TEMP := G3 + G4  G3 := G3 − G4  G3 is D2  G4 := TEMP  G4 is D1  A—A = 18 
A0 := G4  G4 HOLDS A0 


A2 := G1  G1 HOLDS A2  A2 = 0  
A4 := G3  G3 HOLDS A4 


TEMP := G2 · T2  Second Multiply is stored in TEMP  Mult = 2  
G2 := G5 − TEMP  G5 := G5 + TEMP  
A1 := G2  G2 HOLDS A1  A1 = 0  
A3 := G5  G5 HOLDS A3  A3 = 0  

File: SFT_Ex.doc  
TABLE 10  
Description of an example process for calculating Fourier Transform for  
eight samples according to one embodiment of the present invention  
Process Example of SFT  
Let x range from 1/8 to 1 in 8 steps. Let F(x) be sampled at the eight points (S).  
F(x) := cos(3 · 2 · π · x) G4 := S_{0 }G3 := S_{1 }G2 := S_{2}  T2 := 0.7071067812 1st sample arrival. Load to memory locations. 2nd sample arrival. Load to memory locations. 3rd sample arrival. Load to memory locations. 


G1 := S_{3}  G5 := −S_{3}  4th sample arrival. Load to memory locations.  
G2 := G2 + S_{4}  5th sample arrival. Addaccumulate.  A—A = 1  
G3 := G3 + S_{5}  6th sample arrival. Addaccumulate.  A—A = 2  
G4 := G4 + S_{6}  7th sample arrival. Addaccumulate.  A—A = 3  
G1 := G1 + S_{7}  G5 := G5 − S_{7}  8th sample arrival. Addaccumulate two locations.  A—A = 5  
TEMP := G1 − G3  G1 := G1 − G3  G1 is C5  G3 := TEMP  G3 is C1  A—A = 7 
TEMP := G2 − G4  G4 := G2 + G4  G4 is C2  G2 := TEMP  G2 is C6  A—A = 9 
TEMP := G3 + G4  G3 := G3 − G4  G3 is D2  G4 := TEMP  G4 is D1  A—A = 11 
A0 := G4  G4 HOLDS A0  A0 = 0  
A2 := G1  G1 HOLDS A2  A2 = 0  
A4 := G3  G3 HOLDS A4  A4 = 0  
A6 := G1  G1 HOLDS A6  A6 = 0  
TEMP := G2 · T2  Multiply is stored in TEMP  Mult = 1  
G2 := −TEMP − G5  G5 := TEMP − G5  A—A = 13  
A1 := G2  G2 HOLDS A1  A1 = 0  
A3 := G5  G5 HOLDS A3  A3 = 4  
A5 := G5  G5 HOLDS A3  A5 = 4  
A7 := G2  G2 HOLDS A1  A7 = 0  

File: FT_SDCT.DOC  
TABLE 11  
1Dimension 16Sample Discrete Fourier Transform  
Co #  Formula  T2A  T2B  T2C  T2D  T3A  T3B  T3C  T3D  T4A  T4B  T4C  T4D  T5A  T5B  T5C  T5D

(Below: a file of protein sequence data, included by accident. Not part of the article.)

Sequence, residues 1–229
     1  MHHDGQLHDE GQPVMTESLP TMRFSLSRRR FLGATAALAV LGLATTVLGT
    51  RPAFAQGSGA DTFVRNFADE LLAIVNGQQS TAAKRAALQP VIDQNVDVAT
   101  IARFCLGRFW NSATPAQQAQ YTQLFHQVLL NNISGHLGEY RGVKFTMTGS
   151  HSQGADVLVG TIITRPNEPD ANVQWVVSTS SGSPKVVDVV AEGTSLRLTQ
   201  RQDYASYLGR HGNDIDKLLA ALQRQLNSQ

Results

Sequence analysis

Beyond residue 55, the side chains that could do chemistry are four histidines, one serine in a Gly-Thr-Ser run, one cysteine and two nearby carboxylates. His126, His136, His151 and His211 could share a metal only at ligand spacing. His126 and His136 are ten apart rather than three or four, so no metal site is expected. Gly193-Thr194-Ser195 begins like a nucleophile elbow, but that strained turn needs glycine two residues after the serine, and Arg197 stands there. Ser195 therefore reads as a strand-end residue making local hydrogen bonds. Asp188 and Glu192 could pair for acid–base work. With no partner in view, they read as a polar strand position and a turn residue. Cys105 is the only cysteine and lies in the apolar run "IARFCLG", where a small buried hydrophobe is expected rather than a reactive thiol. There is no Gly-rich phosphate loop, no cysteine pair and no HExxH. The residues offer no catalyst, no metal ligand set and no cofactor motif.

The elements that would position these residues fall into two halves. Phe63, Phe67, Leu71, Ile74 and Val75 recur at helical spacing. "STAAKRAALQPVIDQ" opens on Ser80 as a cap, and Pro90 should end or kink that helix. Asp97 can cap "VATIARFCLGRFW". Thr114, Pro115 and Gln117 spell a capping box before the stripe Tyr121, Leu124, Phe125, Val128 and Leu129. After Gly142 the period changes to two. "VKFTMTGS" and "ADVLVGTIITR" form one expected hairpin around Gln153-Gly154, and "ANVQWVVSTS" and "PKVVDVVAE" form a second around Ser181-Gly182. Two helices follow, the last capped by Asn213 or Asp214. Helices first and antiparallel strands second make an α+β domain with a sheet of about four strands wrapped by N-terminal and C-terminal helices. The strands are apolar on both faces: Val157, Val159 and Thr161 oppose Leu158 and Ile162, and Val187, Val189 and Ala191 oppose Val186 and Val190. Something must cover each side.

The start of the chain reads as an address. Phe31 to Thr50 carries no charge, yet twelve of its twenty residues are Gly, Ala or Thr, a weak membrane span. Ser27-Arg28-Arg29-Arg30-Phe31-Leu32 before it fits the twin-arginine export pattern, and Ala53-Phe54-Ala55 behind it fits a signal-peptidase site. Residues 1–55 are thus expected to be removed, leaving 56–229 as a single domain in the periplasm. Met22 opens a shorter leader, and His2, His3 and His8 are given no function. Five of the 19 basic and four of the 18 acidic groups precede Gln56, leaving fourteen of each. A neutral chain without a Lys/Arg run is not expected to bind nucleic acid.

A1  S1 + S15  
A2  S2 + S14  
A3  S3 + S13  
A4  S4 + S12  
A5  S5 + S11  
A6  S6 + S10  
A7  S7 + S9  
A8  S8 + S16  
A9  S8 − S16  
B1  A1 + A7  
B2  A2 + A6  
B3  A3 + A5  
B4  A4 + A8  
B5  A1 − A7  
B6  A2 − A6  
B7  A3 − A5  
B8  A4 − A8  
C1  B1 + B3  
C2  B2 + B4  
C3  B1 − B3  
C4  B2 − B4  
D1  C1 + C2  
D2  C1 − C2  
T1  0  
T2  1  
T3  0.9238795325  
T4  0.7071067814  
T5  0.3826834324  
Co1  D1  D1  
Co2  −A9 + B5 * T3 +  −A9  B5  B6  B7  
B6 * T4 + B7 * T5  
Co3  −B8 + C3 * T4  −B8  C3  
Co4  −A9 − B7 * T3 −  −A9  −B7  −B6  B5  
B6 * T4 + B5 * T5  
Co5  −C4  −C4  
Co6  −A9 + B7 * T3 −  −A9  B7  B6  −B5  
B6 * T4 − B5 * T5  
Co7  −B8 − D3 * T4  −B8  −C3  
Co8  −A9 − B5 * T3 −  −A9  −M1  M5  −M4  
B6 * T4 − B7 * T5  
Co9  −D2  −D2  
Co10  −A9 − B5 * T3 −  −A9  −B5  −B6  −B7  
B6 * T4 − B7 * T5  
Co11  −B8 − D3 * T4  −B8  −C3  
Co12  −A9 + B7 * T3 −  −A9  B7  B6  −B5  
B6 * T4 − B5 * T5  
Co13  −C4  −C4  
Co14  −A9 − B7 * T3 −  −A9  −B7  −B6  B5  
B6 * T4 + B5 * T5  
Co15  −B8 + C3 * T4  −B8  C3  
Co16  −A9 + B5 * T3 +  −A9  B5  B6  B7  
B6 * T4 + B7 * T5  
TABLE 11B  
1Dimension 16Sample Discrete Cosine Transform Illustrated  
Co  Formula  S1  S2  S3  S4  S5  S6  S7  S8  S9  S10  S11  S12  S13  S14  S15  S16 
Identifier  Formula  
A1  S1 + S15  +  +  
A2  S2 + S14  +  +  
A3  S3 + S13  +  +  
A4  S4 + S12  +  +  
A5  S5 + S11  +  +  
A6  S6 + S10  +  +  
A7  S7 + S9  +  +  
A8  S8 + S16  +  +  
A9  S8 − S16  +  −  
B1  A1 + A7  +  +  +  +  
B2  A2 + A6  +  +  +  +  
B3  A3 + A5  +  +  *  +  
B4  A4 + A8  +  +  +  +  
B5  A1 − A7  +  −  −  +  
B6  A2 − A6  +  −  −  +  
B7  A3 − A5  +  −  −  +  
B8  A4 − A8  +  −  +  −  
C1  B1 + B3  +  +  +  +  +  +  +  +  
C2  B2 + B4  +  +  +  +  +  +  +  +  
C3  B1 − B3  +  −  −  +  +  −  −  +  
C4  B2 − B4  +  −  +  −  +  −  *  −  
D1  C1 + C2  +  +  +  +  +  +  +  +  +  +  +  +  +  +  +  + 
D2  C1 − C2  +  −  +  −  +  −  +  −  +  −  +  −  +  −  +  − 
Token  Value  
T1  0  
T2  1  
T3  0.9238795325  
T4  0.7071067814  
T5  0.3826834324  
Multiply ID  Formula  
M1  B5 * T3  T3  −T3  −T3  T3  
M2  B5 * T5  T5  −T5  −T5  T5  
M3  B7 * T3  T3  −T3  −T3  T3  
M4  B7 * T5  T5  −T5  −T5  T5  
M5  B6 * T4  T4  −T4  −T4  T4  
M6  C3 * T4  T4  −T4  −T4  T4  T4  −T4  −T4  T4  
Identifier  Formula  
E1  −A9 + M5  T4  −T4  −1  −T4  T4  1  
E2  −A9 − M5  −T4  T4  −1  T4  −T4  1  
E3  M1 + M4  T3  T5  −T5  −T3  −T3  −T5  T3  T3  
E4  M2 − M3  T5  −T3  T3  −T5  −T5  T3  −T3  T5  
E5  −M6 − B8  −T4  T4  −1  T4  −T4  1  −T4  T4  −1  T4  −T4  1  
E6  M6 − B8  T4  −T4  −1  −T4  T4  1  T4  −T4  −1  −T4  T4  1  
Coefficient  Formula  T2A  T2B  T2C  T2D  T3A  T3B  T3C  T3D  T4A  T4B  T4C  T4D  T5A  T5B  T5C  T5D 
Co1  D1  D1  
Co2  E1 + E3  −A9  M1  M5  M4  
Co3  E5  −B8  −M6  
Co4  E2 + E4  −A9  −M3  −M5  M2  
Co5  −C4  −C4  
Co6  E2 − E4  −A9  M3  −M5  −M2  
Co7  E6  −B8  M6  
Co8  E1 − E3  −A9  −M1  M5  −M4  
Co9  −D2  −D2  
Co10  E1 − E3  −A9  −M1  M5  −M4  
Co11  E6  −B8  M6  
Co12  E2 − E4  −A9  M3  −M5  −M2  
Co13  −C4  −C4  
Co14  E2 + E4  −A9  −M3  −M5  M2  
Co15  E5  −B8  −M6  
Co16  E1 + E3  −A9  M1  M5  M4  
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U.S. Classification  708/400, 708/402 
International Classification  G06F17/12, G06F17/14 
Cooperative Classification  G06F17/141, G06F17/147 
European Classification  G06F17/14F, G06F17/14M